Livna nVidia problems...

Lonni J Friedman netllama at
Sat Jun 23 14:46:15 UTC 2007

On 6/23/07, Chris Jones <jonesc at> wrote:
> On Saturday 23 June 2007 3:16:08 pm Lonni J Friedman wrote:
> > On 6/23/07, Chris Jones <jonesc at> wrote:
> > > > Grr, sods!  Some might think that not an issue, since you don't change
> > > > graphic cards that much, usually.  But you may if you test people's
> > > > machines.  And the same issue bites you if you try to go back to the
> > > > open source nv driver to get around something you can't get to work
> > > > with the nvidia driver (I experienced that, myself).
> > >
> > > This is the worst thing about the official nivida installer, and why I
> > > will never use it.
> >
> > Running:
> > nvidia-installer --uninstall
> > puts everything back to the way it was prior to installing the nvidia
> > driver.  You're also welcome to continue believing and/or spreading
> > the misinformation of others.
> Last time I tried that it didn't work properly. I admit it was about 6 months
> ago but I have no intention of trying it again seeing as the livna rpms work
> fine. If it does work now I apologize (but will continue to prefer an rpm)

If it didn't work properly that's a bug that should (have been)
reported to NVIDIA.

> > > The livna rpms work around this and install the nvidia opengl libs in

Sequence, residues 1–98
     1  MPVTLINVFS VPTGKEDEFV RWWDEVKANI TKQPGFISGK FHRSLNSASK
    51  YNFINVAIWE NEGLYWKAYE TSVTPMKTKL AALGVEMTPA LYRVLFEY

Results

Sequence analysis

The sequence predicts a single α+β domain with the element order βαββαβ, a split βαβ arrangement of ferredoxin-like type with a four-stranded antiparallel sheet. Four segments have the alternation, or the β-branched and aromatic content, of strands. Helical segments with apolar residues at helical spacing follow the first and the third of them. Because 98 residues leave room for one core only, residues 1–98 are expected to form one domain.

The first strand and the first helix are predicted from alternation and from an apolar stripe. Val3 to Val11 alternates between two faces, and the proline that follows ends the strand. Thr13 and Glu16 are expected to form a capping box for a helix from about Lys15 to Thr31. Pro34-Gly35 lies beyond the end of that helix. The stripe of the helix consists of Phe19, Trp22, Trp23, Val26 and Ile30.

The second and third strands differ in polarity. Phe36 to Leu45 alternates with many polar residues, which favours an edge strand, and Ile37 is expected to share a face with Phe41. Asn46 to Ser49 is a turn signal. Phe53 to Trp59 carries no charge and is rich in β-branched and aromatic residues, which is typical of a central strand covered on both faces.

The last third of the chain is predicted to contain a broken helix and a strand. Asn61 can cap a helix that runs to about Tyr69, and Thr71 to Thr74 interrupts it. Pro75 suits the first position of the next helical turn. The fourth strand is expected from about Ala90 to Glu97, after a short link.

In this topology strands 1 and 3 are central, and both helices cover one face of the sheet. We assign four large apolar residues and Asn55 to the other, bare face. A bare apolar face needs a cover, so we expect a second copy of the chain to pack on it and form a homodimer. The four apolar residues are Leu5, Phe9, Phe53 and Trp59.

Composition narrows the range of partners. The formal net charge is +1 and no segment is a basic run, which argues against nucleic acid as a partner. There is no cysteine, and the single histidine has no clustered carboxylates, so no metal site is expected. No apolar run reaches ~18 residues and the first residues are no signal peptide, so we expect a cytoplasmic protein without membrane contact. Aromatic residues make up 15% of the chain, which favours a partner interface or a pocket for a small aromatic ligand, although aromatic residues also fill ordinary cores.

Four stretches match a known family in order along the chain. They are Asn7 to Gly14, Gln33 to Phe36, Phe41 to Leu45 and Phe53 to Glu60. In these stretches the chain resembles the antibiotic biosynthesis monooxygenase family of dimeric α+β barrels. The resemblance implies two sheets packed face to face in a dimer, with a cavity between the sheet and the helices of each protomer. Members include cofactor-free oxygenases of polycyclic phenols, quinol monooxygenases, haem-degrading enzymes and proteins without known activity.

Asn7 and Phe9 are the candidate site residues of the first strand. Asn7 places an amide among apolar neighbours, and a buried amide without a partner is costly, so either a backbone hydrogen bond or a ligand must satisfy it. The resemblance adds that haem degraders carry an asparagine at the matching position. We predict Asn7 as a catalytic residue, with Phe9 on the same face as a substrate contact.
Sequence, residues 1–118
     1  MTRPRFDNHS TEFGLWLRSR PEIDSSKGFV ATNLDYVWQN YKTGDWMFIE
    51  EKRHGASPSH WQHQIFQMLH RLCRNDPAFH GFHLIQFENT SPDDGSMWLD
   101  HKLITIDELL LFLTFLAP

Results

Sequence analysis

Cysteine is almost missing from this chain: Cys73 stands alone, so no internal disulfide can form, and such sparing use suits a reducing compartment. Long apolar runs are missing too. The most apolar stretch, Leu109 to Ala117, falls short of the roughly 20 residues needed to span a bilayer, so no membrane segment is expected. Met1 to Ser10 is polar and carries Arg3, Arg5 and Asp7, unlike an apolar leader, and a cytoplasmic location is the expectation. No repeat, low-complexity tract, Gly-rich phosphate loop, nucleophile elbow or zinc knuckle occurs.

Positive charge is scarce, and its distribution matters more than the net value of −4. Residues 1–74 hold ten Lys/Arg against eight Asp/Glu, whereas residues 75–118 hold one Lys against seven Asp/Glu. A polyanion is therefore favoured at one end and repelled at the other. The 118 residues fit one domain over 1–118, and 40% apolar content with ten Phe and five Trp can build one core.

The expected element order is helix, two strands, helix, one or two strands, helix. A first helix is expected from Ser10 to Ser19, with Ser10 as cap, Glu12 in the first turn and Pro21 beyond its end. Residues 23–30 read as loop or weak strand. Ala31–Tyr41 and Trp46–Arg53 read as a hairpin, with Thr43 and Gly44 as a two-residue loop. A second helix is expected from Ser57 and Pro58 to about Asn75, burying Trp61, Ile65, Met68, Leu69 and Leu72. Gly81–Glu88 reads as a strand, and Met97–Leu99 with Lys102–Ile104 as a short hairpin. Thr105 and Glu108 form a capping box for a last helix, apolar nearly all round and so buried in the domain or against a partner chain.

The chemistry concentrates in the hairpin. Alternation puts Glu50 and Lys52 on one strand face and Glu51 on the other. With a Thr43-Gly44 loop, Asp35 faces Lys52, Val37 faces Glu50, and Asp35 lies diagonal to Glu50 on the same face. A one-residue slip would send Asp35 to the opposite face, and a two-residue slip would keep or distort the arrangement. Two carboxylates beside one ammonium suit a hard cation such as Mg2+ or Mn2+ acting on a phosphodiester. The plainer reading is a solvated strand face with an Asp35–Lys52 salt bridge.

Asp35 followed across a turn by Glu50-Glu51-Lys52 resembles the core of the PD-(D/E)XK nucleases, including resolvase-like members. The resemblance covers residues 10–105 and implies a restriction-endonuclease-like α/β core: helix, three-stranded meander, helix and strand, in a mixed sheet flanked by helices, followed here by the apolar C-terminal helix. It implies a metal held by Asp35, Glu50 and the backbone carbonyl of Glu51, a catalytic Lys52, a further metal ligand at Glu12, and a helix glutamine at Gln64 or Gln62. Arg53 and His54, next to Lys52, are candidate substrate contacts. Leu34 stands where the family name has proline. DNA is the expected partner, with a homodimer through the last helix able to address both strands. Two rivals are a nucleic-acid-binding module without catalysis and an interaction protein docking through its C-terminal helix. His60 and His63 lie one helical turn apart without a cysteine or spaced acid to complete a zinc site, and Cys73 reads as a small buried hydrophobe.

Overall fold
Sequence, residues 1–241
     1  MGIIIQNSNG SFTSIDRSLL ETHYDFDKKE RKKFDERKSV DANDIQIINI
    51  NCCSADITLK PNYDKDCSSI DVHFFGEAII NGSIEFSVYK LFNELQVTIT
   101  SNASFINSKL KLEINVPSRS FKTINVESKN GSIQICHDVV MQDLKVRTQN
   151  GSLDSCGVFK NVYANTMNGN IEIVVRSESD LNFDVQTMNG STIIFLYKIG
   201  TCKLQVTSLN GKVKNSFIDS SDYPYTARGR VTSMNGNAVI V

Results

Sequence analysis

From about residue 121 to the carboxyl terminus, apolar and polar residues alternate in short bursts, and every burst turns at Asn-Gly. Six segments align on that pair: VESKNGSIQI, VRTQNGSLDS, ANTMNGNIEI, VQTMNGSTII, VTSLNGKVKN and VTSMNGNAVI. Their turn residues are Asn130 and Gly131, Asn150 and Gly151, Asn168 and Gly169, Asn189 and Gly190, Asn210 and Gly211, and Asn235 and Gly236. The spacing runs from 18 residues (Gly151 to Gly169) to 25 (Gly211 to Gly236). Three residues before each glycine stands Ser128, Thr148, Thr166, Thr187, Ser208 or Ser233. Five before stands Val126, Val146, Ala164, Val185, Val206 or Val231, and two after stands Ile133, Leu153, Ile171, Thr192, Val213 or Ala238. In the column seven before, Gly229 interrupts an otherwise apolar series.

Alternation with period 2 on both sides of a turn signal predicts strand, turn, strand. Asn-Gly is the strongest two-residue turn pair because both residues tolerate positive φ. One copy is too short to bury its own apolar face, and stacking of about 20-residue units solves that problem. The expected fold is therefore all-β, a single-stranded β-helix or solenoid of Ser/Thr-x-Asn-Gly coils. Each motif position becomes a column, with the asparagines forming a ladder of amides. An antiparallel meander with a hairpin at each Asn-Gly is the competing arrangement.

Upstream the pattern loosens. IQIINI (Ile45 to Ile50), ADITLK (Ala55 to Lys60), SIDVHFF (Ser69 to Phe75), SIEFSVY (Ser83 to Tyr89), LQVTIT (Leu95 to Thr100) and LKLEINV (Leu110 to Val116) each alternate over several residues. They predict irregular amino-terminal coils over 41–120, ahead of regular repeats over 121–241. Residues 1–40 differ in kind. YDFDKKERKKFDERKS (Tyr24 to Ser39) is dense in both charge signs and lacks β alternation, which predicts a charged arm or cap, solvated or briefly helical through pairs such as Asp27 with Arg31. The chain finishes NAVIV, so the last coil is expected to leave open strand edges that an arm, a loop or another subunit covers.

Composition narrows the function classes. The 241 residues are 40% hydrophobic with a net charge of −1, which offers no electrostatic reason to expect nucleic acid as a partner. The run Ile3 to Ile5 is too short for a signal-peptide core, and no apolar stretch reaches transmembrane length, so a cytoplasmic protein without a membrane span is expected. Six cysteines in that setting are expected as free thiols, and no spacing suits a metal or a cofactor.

> > > such a way that it doesn't conflict with the default ones, but exist side
> > > by side.
> >
> > That isnt' accurate.  They still conflict.  You can't use both sets of
> > libGL libraries simultaneously.  What is your need for having both
> > sets when you'd only want to use NVIDIA's libGL?
> Sorry, I was not clear. What I should have said was the livna rpms installs
> some startup scripts that automatically enable the nvidia driver during boot
> up. If it finds, for a given kernel it is not available it puts everything
> back so the nv driver works OK.

I guess I don't understand why that's preferably behavior.  If you
don't have the nvidia driver installed at boot time, then you're going
to end up with poor performance regardless.  And I've seen many
reports of people who ended up with their system falling back to the
'nv' driver, they were unaware of it, and complained about poor
performance.  So the sword cuts both ways.  Its only good if you
understand what's happening, and in that case, wouldn't it be better
to just install the nvidia driver?

> In this way you can have some kernels using the nv driver and others using the
> nvidia one, if you want, and you can boot between them as you want, without
> having to edit xorg.conf or mess around removing and adding back the nvidia
> driver.
> If you use the official installer you cannot do this, you can only switch from
> the nv to the nvidia driver and back again by manually adding or removing the
> driver. I agree this is not a common use case, but I have occasionally wanted
> to do this for one reason or another.
> Also, by installing the livna rpm I automatically get a new kernel module each
> time a kernel update comes around - No mucking around installing by hand.
> This is very convenient.

I suppose, but I don't see what's so hard about installing the driver.
 Its not like its difficult or even time consuming.

> Please do get me wrong, I don't really have anything against the installer per
> se, and I'm very grateful for what nvidia is doing for linux support. Its
> just that for obvious reasons the official nvidia installer is somewhat
> distro-neutral, and a properly packaged rpm or whatever, for a given distro,
> is also going to me more convenient. Just my opinion.

That's fine.  I appreciate your feedback.

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